With an office full of former teachers, TFA alums, and test prep fanatics it’s no wonder we have a few go-to education blogs. What kind of blogs, you ask? The kind that give great advice, ask big questions, and make us think. Here are some of our favorites.
by Debbie Stier
This blog is written by mother-turned-SAT-expert, Debbie Stier. She started writing and speaking about the SAT when she was trying to get her two kids into college. We like her blog because it has great advice for stressed out students and worried parents who want to encourage and support their children as they study. She just re-designed her site and we think the new layout is pretty nice, too.
What to read first: Beware of overconfidence when it comes to the SAT
by Jay Matthews
Jay Matthews is a columnist for the Washington Post where he writes about modern education reform policies (and why he likes them.) The ideas of charter schools, school choice, testing and accountability sound good to him. We like his bold approach and fearless criticism of current education systems—his articles are always an entertaining and eye-opening read.
What to read first: Why can’t we have more teachers like the ones we loved?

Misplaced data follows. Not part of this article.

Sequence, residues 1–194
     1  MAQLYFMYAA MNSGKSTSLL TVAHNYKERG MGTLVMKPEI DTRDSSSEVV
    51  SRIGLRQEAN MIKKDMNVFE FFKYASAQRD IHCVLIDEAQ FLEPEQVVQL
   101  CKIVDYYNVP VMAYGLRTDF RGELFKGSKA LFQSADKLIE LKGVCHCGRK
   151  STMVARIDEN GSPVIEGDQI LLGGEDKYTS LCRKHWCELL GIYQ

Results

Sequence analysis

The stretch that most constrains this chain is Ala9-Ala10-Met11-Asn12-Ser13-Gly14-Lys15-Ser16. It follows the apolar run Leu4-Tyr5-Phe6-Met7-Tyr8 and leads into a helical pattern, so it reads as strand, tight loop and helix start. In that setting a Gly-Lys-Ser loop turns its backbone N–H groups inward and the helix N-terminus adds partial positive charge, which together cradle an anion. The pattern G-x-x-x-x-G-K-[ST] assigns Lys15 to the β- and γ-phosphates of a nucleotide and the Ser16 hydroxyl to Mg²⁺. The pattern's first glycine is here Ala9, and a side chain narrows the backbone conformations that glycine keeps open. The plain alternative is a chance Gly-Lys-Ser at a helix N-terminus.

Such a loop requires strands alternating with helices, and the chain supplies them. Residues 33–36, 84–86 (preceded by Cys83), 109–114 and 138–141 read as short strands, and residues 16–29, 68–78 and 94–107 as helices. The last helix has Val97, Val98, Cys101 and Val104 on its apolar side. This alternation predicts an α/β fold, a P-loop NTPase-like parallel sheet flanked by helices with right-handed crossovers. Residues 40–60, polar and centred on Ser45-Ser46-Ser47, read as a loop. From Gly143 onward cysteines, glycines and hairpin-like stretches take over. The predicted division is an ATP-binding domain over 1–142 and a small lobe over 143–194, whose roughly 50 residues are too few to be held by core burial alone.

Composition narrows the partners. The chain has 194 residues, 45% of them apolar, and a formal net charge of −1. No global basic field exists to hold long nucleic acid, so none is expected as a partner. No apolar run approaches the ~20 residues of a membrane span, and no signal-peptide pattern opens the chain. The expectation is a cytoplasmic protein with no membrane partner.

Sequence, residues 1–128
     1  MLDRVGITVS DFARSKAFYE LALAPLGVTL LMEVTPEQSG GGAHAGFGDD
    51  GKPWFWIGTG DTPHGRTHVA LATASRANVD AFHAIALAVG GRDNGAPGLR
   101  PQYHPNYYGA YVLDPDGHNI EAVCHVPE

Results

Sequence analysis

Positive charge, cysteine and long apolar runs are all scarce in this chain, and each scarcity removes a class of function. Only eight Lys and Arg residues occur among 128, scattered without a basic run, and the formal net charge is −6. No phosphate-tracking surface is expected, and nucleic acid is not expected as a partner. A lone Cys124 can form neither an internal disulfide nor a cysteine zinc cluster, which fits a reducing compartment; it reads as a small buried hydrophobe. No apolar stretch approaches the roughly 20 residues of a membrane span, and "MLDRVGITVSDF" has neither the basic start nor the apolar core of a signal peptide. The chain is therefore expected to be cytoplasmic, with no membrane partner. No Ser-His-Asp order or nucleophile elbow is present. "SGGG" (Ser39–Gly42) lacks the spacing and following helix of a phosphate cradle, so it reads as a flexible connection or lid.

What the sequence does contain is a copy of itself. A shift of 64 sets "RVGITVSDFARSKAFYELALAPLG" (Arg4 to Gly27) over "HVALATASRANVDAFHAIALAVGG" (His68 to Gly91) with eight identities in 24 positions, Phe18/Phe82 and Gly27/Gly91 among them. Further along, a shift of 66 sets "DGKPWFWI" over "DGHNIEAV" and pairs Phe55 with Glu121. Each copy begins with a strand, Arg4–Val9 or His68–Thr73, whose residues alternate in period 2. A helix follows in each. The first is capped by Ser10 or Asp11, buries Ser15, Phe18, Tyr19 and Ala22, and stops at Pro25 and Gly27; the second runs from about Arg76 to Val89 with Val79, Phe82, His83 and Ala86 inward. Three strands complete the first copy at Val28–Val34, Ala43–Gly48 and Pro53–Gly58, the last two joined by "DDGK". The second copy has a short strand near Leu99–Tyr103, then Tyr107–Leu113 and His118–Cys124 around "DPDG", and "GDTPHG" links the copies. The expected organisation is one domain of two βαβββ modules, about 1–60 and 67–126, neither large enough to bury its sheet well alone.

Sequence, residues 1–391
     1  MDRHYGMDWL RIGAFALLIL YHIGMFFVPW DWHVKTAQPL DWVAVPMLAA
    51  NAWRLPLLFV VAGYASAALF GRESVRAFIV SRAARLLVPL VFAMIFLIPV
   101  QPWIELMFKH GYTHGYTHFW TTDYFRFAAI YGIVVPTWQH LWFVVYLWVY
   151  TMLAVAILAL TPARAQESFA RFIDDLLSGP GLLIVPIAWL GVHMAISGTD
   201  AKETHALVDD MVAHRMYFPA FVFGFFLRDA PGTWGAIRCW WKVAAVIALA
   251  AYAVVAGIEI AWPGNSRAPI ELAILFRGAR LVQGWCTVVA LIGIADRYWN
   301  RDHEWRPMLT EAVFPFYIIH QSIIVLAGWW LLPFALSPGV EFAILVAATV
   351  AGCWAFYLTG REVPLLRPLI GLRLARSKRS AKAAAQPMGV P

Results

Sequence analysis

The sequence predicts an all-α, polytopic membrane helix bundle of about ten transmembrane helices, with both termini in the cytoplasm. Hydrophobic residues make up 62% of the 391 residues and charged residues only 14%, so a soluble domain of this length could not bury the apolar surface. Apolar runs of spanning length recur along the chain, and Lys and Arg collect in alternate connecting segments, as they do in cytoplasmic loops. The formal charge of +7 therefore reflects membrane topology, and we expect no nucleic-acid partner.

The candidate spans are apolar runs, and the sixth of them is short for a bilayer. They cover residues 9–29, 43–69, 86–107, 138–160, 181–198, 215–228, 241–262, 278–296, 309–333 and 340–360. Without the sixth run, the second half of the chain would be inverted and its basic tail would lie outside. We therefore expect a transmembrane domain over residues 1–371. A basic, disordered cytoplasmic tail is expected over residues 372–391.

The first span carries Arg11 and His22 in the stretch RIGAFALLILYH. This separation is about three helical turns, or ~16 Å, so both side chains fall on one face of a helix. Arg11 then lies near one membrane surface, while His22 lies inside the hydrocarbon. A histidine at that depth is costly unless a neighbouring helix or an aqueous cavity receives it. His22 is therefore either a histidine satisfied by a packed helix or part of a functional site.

by Valerie Strauss
If Jay Matthews is on one side of the education-opinion spectrum, then you’ll find Valerie Strauss way on the opposite end. Also a Washington Post columnist, Strauss writes articles opposing education reform policies. She’s in favor of teachers’ unions, limiting high-stakes testing, and teacher autonomy. We love how outspoken she is about all of it. But at the end of the day, both Strauss and Matthews make great points and it’s always interesting to see their columns next to each other!
What to read first: What is the value of letting students struggle in class? Teachers answer
by Alexander Russo
Want to hear the latest Common Core drama or get the low down on trends and big events in education? This is the blog you should read. Alexander Russo does an excellent job of scouring education news all over the world-wide web and bringing it together in one place. We like it because it’s packed with information and updated constantly. No stale news on this site.
What to read first: Meet the teacher who started #IWishMyTeacherKnew
…especially their “Big Ideas” section. MindShift contributes thoughtful commentary and creative solutions to the education conversation today. Its authors ask important questions and answer them in articles packed with research and expertise. Feeling down about education these days? Follow MindShift and you’ll be reinspired.
What to read first: Standards: Why Realizing the Full Promise of Education Requires a Fresh Approach
Got a favorite education blog that we missed? Let us know in the comments!